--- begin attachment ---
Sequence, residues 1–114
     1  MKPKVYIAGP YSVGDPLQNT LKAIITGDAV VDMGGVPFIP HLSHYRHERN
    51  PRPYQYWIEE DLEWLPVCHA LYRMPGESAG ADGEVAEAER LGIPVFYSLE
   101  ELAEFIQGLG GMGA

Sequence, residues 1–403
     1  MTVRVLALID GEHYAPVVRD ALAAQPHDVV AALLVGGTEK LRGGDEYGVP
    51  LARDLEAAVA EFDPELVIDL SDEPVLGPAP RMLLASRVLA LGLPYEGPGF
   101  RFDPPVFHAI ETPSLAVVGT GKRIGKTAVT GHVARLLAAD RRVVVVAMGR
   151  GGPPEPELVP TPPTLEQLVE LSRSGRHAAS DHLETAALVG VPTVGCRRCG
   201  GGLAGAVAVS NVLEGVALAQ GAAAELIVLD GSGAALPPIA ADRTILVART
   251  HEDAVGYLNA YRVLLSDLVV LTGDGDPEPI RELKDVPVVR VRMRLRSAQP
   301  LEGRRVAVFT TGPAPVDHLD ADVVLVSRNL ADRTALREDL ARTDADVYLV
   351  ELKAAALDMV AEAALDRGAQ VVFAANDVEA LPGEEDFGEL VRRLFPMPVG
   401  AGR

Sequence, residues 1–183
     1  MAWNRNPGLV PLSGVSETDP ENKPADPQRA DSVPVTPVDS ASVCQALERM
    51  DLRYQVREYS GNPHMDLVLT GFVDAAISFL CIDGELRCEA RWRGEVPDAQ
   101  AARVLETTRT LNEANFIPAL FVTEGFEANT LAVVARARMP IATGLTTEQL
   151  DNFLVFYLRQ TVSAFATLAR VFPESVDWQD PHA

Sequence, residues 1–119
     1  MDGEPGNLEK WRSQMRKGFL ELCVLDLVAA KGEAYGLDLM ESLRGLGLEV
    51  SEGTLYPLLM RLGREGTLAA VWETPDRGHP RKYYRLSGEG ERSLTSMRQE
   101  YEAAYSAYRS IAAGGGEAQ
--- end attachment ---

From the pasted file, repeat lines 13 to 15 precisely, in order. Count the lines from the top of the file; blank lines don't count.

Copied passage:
   351  ELKAAALDMV AEAALDRGAQ VVFAANDVEA LPGEEDFGEL VRRLFPMPVG
   401  AGR

Sequence, residues 1–183